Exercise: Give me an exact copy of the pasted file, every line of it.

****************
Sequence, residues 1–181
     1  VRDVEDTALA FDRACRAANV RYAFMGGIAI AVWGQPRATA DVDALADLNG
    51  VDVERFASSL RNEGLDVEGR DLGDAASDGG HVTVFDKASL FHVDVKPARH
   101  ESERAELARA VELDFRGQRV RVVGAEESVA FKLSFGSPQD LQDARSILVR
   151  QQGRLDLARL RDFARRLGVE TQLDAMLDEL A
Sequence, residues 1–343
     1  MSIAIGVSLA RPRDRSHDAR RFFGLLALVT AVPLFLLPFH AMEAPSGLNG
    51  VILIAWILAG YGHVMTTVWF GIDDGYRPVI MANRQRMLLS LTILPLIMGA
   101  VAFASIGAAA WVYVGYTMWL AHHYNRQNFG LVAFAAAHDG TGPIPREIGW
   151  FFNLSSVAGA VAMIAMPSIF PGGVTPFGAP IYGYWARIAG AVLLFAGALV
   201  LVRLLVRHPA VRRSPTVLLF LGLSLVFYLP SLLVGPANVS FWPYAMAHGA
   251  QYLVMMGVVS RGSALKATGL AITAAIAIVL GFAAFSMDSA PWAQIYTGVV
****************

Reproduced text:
Sequence, residues 1–181
     1  VRDVEDTALA FDRACRAANV RYAFMGGIAI AVWGQPRATA DVDALADLNG
    51  VDVERFASSL RNEGLDVEGR DLGDAASDGG HVTVFDKASL FHVDVKPARH
   101  ESERAELARA VELDFRGQRV RVVGAEESVA FKLSFGSPQD LQDARSILVR
   151  QQGRLDLARL RDFARRLGVE TQLDAMLDEL A
Sequence, residues 1–343
     1  MSIAIGVSLA RPRDRSHDAR RFFGLLALVT AVPLFLLPFH AMEAPSGLNG
    51  VILIAWILAG YGHVMTTVWF GIDDGYRPVI MANRQRMLLS LTILPLIMGA
   101  VAFASIGAAA WVYVGYTMWL AHHYNRQNFG LVAFAAAHDG TGPIPREIGW
   151  FFNLSSVAGA VAMIAMPSIF PGGVTPFGAP IYGYWARIAG AVLLFAGALV
   201  LVRLLVRHPA VRRSPTVLLF LGLSLVFYLP SLLVGPANVS FWPYAMAHGA
   251  QYLVMMGVVS RGSALKATGL AITAAIAIVL GFAAFSMDSA PWAQIYTGVV